Georgia, Muslim-Jewish 5th Annual Weekend of Twinning
contact person: Marine Solomonishvili , President of International Foundation LEA&Council of Jewish Women in Georgia ( email@example.com )
In Georgia , Marine Solomonishvili , President of International Foundation LEA &Council of Jewish Women in Georgia with partnership different organizationsof Jewish ,Muslim and other ethnic minority was organized a different meetings on 9th , 15th , 16th November,2012 to dedicate Muslim-Jewish 5th Annual Weekend of Twinning , also FFEU, 16 November-International Day for Tolerance, and otherevents.
1.-On 9th November,2012 ,village Kachrety (Region of Georgia) was held a roundtable to dedicate Muslim-Jewish 5th Annual Weekend of Twinning and “9 November-Khristalnight” with participation of Jewish ,Muslim and other ethnic minority leaders (place Ambassador Hotel,Kachrety,Georgia ).
The leaders said the importance of working together to promote the key problems for prevention antysemitism, Islamofobya ,diskrymination and other intolerance of ethnic/religious minorities.
Muslim’s women, Leila Mamedova, head of Union of Yang Azerbaijanian’s said that is important with partnership to Marine Solomonishvili, President of International Foundation LEA&Council of Jewish women in Georgia annually organizing Tbilisi Muslim-Jewish women’s Twinning . She also said about Muslim Jewish meeting there were in Paris,there vere a Muslim-Jewish Partnership for Change, for an evening of storytelling, based on real life experiences.
2.-On 15th November,2012 in Tbilisi was held a meeting to dedicate Muslim-Jewish 5th Annual Weekend of Twinning and “Tolerance Day” with participation of Jewish ,Muslim and other religious/ethnic minority leaders (place Redison Hotel,Tbilisi ). The conveners of this year’s event, a Reception of Public Defender of Georgia for rabbis, imams, senior clergy Christians ,community and state leaders are participated on “Tolerance Day”. The leaders said about role a “Tolerance Day”.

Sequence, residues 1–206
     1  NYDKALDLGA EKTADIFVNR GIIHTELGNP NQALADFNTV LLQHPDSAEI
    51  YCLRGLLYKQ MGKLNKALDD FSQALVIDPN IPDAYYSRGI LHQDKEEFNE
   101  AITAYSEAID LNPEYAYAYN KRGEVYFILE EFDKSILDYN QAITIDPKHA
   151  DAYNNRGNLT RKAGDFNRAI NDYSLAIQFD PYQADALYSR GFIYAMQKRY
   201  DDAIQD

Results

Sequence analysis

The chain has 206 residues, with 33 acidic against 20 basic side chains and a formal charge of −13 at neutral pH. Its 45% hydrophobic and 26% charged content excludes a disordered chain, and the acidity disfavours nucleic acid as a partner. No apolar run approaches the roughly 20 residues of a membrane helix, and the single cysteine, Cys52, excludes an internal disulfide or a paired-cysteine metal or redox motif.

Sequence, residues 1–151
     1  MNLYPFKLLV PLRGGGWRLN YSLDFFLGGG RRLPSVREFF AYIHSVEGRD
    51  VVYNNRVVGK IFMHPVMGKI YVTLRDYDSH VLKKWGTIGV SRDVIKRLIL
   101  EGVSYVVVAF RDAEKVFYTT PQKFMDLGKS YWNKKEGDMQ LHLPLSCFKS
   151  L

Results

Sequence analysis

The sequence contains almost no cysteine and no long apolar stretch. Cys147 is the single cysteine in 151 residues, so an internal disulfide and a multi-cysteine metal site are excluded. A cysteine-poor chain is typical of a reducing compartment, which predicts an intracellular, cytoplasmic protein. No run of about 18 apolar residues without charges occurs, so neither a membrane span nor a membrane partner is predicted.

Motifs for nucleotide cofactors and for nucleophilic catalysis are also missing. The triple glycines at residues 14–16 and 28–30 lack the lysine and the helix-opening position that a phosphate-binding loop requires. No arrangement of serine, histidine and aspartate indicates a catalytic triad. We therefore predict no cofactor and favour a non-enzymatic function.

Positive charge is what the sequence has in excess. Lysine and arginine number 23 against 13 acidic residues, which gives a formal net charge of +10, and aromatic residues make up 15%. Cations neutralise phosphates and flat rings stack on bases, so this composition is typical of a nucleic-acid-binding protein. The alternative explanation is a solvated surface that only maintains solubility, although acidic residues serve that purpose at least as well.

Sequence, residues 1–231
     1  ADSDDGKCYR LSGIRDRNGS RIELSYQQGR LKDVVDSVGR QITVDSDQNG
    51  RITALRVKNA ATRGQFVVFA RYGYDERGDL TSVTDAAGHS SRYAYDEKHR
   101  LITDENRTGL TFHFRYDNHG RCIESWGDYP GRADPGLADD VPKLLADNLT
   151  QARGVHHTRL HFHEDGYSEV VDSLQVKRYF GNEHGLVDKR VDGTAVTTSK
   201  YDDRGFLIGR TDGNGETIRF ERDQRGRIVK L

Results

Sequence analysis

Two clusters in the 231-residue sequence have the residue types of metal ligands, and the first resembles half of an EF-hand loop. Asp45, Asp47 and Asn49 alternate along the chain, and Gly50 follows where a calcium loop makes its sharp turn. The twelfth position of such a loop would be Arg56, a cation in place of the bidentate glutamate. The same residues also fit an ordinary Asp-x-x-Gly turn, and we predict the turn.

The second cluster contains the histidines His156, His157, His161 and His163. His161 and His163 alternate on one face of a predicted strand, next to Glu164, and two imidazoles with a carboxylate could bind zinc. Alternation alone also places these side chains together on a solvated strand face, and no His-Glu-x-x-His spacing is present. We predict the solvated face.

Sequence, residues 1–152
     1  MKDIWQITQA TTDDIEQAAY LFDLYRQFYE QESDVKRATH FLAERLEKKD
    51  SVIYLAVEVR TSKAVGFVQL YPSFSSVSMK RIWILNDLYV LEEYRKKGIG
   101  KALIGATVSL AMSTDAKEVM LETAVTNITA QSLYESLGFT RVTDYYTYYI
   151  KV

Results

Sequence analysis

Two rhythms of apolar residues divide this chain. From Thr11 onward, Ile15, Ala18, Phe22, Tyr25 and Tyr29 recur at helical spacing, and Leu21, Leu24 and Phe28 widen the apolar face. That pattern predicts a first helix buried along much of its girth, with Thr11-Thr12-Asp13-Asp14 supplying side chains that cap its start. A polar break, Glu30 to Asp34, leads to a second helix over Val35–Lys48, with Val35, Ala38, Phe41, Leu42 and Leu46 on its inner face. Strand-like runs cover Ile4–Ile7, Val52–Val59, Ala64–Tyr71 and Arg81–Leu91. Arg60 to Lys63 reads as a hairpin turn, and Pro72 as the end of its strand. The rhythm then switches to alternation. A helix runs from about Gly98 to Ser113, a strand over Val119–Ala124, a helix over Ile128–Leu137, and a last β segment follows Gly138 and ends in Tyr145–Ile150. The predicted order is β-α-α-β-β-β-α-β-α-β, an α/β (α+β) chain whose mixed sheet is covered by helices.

Marine Solomonishvili, said about role a this event for develop the integration process, friendship and intercultural dialogue Jewish with Muslims and other ethnic minorities, especially with partnership a women leaders from different communities.
Marine Solomonishvili said the importance together selebrating “Tolerance Day” Muslim-Jewish 5th Annual Weekend of Twinning . She also said that in Georgia the basic religion is orthodox Christian , but alongside which there are Islam and Judaism. Church, Synagogue, Mosque are together in heart of old center in Tbilisi and this place was very old tradition of tolerance .
3. –On 16th November,2012 in Tbilisi was held a meeting to dedicate “Tolerance Day” . The conveners of this year’s event was Parliament of Georgia with participation of Jewish ,Muslim and other religious/ethnic minority leaders and state leaders are participated on “Tolerance Day”. (place Vere Palas Hotel,Tbilisi).
4.-On 16th November,2012 in Tbilisi was held a roundtable “Gender equality “ -Women’s role present and future perspectives “with participation of Georgian, Jewish ,Muslim and other ethnic minority women/girls leaders (place Holidey Inn Hotel,Tbilisi ).
Marine Solomonishvili also said, more than 1/3 of Georgian population consists of representatives of ethnical minorities, there are more than 20 ethnic minority Communities in Georgia (Jews, Azeri, Armenian, Kurds, Russian, Ukrainian, Assyrian, Germans, Czechs, Polish, Greeks, Estonian, Lithuanian, Roma and etc.), about 60% are women. This period of turbulent Times is difficult in Georgia, especially for socially vulnerable groups, including religious/ethnic minorities and women.
The women noted that it is necessary to improve the joint work for the development of key problems of gender equality in Jewish, Muslim and other communities.
About International Day for Tolerance
16 November-International Day for Tolerance
In 1996, the UN General Assembly (by resolution 51/95) invited UN Member States to observe the International Day for Tolerance on 16 November, with activities directed towards both educational establishments and the wider public.
This action followed on the United Nations Year for Tolerance, 1995, proclaimed by the UN General Assembly in 1993 at the initiative of UNESCO, as outlined in the Declaration of Principles on Tolerance and Follow-up Plan of Action for the Year.
On the day of its fiftieth anniversary, 16 November 1995, UNESCO’s Member States adopted a Declaration of Principles on Tolerance. Among other things, the Declaration affirms that tolerance is neither indulgence nor indifference. It is respect and appreciation of the rich variety of our world’s cultures, our forms of expression and ways of being human. Tolerance recognizes the universal human rights and fundamental freedoms of others. People are naturally diverse; only tolerance can ensure the survival of mixed communities in every region of the globe.
The Declaration qualifies tolerance not only as a moral duty, but also as a political and legal requirement for individuals, groups and States. It situates tolerance in relation to the international human rights instruments drawn up over the past fifty years and emphasizes that States should draft new legislation when necessary to ensure equality of treatment and of opportunity for all groups and individuals in society.
The 2005 World Summit Outcome document (A/RES/60/1) furthered the commitment of Heads of State and Government to advance human welfare, freedom and progress everywhere, as well as to encourage tolerance, respect, dialogue and cooperation among different cultures, civilizations and peoples.